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‘King of California’ brings unique style to Claremont

If one is lucky, time can bring an artist a certain degree of gratitude, and the decades spent striving and careering can give way to a moment of quiet where one takes stock of one’s blessings. Dave Alvin, the “King of California,” is there. 

“I am a very lucky guy,” the 61-year-old guitarist, singer and songwriter said when reached this week near his Silverlake home. “I know people that are more successful that don’t quite feel that they’re lucky. But I still kind of treasure every gig. I still get nervous before every show because it still seems like my first one.”

And Claremont is lucky to have Mr. Alvin at the Folk Music Center next Saturday, December 3, for an intimate acoustic show. Also on the bill is Covina’s Rick Shea, himself a roots music powerhouse as well. 

It’s been about a decade since Mr. Alvin has played the Folk, and he’s looking forward to the gig. 

“I like Claremont a lot,” he said. “It’s the Paris of the Inland Empire!

“I always like playing there. A few years back you could always see Leonard Cohen there sitting at the bus stop, heading home from grocery shopping.”

Mr. Alvin got his start playing music alongside his brother Phil Alvin in the late ‘70s when they formed the legendary band The Blasters in his hometown of Downey, CA. He left that band to join equally legendary LA punks X in 1986, sticking around long enough to play on their “See How We Are” record. He then released his first solo record, “Romeo’s Escape,” in 1987.

Five records followed, and in 2000 Mr. Alvin’s seventh solo disc, “Public Domain: Songs From the Wild Land” won him a Grammy Award for best contemporary folk album. Ten more full-lengths have come since, with the last two—2014’s “Common Ground” and last year’s “Lost Time”—being collaborations with his brother Phil. 

Counting his work with the Blasters, his country-punk-folk offshoot The Knitters (with John Doe, DJ Bonebrake and Exene Cervenka from X and Jonny Ray Bartel from the Red Devils) and his solo work, Mr. Alvin has released 28 records since 1980.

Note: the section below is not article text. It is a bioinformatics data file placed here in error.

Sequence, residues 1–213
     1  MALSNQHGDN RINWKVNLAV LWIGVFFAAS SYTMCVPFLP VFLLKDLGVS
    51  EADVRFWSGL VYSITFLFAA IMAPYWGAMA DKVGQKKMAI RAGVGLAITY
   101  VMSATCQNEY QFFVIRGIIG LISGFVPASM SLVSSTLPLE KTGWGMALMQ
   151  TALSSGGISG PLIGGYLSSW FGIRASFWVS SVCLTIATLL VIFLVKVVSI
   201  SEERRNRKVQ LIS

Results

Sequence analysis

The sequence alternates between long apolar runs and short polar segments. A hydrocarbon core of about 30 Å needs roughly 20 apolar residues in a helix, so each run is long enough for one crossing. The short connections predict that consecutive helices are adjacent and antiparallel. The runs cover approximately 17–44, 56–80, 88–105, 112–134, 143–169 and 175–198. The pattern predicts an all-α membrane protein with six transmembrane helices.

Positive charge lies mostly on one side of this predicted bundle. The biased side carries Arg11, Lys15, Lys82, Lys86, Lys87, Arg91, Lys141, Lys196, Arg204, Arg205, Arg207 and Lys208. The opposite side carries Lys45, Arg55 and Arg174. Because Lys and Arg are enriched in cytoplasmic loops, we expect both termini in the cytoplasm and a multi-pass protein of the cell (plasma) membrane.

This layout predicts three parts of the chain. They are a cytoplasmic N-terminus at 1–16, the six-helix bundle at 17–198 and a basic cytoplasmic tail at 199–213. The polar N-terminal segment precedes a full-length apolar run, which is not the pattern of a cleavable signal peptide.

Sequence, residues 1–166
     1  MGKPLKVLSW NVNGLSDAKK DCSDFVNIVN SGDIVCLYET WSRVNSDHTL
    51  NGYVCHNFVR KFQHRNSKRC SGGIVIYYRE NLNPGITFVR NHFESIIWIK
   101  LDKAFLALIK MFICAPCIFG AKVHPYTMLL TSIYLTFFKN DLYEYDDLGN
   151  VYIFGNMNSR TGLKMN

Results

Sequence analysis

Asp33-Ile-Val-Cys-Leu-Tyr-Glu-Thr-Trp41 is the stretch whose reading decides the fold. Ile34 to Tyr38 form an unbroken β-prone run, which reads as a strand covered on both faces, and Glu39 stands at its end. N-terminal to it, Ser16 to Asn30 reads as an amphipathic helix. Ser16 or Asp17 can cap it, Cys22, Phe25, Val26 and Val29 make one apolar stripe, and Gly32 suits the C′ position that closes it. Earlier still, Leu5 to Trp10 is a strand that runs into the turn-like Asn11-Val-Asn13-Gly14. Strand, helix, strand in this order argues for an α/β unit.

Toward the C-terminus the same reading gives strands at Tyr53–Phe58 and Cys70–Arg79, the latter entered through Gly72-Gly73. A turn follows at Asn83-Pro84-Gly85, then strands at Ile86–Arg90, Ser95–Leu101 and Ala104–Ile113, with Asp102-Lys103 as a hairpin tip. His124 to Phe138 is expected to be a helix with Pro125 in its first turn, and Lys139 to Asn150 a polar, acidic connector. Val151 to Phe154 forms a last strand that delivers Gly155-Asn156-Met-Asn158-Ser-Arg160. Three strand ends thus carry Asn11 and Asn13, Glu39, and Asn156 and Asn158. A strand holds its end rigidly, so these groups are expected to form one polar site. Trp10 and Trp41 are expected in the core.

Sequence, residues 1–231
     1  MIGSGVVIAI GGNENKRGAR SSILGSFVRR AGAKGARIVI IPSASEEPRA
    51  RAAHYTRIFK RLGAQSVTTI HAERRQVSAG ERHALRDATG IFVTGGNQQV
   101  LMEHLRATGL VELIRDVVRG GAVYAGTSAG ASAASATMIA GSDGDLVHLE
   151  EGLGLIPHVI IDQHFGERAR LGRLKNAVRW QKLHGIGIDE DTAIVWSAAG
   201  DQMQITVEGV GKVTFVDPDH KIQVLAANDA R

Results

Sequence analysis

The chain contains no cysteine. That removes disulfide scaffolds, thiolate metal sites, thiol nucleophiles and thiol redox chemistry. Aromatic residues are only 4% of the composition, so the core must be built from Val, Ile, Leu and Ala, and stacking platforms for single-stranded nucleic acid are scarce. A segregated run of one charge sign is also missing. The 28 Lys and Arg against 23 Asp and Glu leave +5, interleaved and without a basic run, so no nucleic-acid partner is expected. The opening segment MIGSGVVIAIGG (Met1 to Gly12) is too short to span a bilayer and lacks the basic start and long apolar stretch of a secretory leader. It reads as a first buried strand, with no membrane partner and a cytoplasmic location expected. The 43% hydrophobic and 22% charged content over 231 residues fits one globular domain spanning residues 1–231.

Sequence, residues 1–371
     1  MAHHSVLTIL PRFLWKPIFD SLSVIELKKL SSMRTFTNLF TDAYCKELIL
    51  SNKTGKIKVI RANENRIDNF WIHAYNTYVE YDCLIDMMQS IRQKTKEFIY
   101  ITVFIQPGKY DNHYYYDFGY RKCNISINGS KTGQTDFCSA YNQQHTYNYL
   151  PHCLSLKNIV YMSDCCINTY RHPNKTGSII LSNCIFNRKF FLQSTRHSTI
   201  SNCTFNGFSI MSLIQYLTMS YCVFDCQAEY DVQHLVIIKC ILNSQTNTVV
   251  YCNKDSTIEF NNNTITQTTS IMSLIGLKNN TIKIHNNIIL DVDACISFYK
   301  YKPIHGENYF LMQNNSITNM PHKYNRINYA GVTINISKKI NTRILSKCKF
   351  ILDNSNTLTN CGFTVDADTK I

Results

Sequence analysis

It’s been nearly 40 years in the notoriously rough music business, and he’s still standing, despite sea changes in the industry. The most significant fracture for  artists has been the shrinking revenue for songwriters and musicians due to lower royalty rates paid by streaming music sites, which, combined with the disintegration of physical product sales, has caused better-known artists than Mr. Alvin to close up shop. 

“Playing music period—no matter what kind of music—and hoping to make a living from it, is kind of like jumping out of an airplane without a parachute,” Mr. Alvin opined. “But I really am kind of stupid. I’m stubborn and I’m stupid, and I really don’t know how to do anything else. So you find yourself constantly adapting to the changes. Fortunately I work with a record label [Yep Roc] that’s trying to figure this stuff out and the same time that I’m trying to figure this thing out.

“We’re all in the same boat and we’re trying not to sink.”

The Blasters had the great fortune to be able to tour without a new record, because fans wanted to see them new product or not. “And that’s kind so what I like to do,” Mr. Alvin said. “I just like playing music. Roots music kind of helps that along. If you’re playing top 40 pop music you’re kind of locked into that moment. There’s certainly elements of my audience that only want to hear Marie Marie or Fourth of July, and I understand that. I can be the same way.

“But with roots music, the people that like it tend to be oddballs, and I include myself in that. Because we’re not represented as much in the mainstream press and media, when you gather people together at a show it’s more like a religious service. And that’s the same thing the Grateful Dead had or Black Flag had or Bob Dylan or whomever.”

A new 4-song Phil and Dave Alvin EP, “Hard Traveling,” will be out on Record Store Day, April 15. A new full-length Alvin brothers record will have to wait though until Phil’s fragile health allows. Nothing concrete is pending, but “We’re not done playin’ together,” he said.

In the meantime, the road will be there, as it has been for nearly 40 years now. 

“Yeah…you had to rub it in, huh?” he joked when reminded of his longevity. “I remember in the early days, when I quit my day job as a fry cook in Long Beach, because I started making as much money with the Blasters as I was making as a fry cook off of gigs at the Whisky-a-Go-Go or the Starwood. And I remember it was just terrifying! Over those almost 40 years there have been moments when I’ve freaked out, and moments when I’m deeply in debt, but overall I’m a pretty lucky guy. I’ve got to do a lot of things and play a lot of music and make records, and I’m still able to do it, knock on wood.”

Mr. Alvin circled back to the concept of gratitude once again when assessing his career. 

“Luck has a lot to do with it. You have to have some sort of talent. And you have to have some sort of connection with an audience. But luck is a big part of it. And you have good luck and you have bad luck, and I’ve had both.”

A few tickets remained at press time for Mr. Alvin’s December 3 Folk Music Center. Any fan of folk music, both “loud and quiet,” as Mr. Alvin has said, would be very lucky indeed to snatch them up. 

More information is at davealvin.net, yeproc.com or folkmusiccenter.com

—Mick Rhodes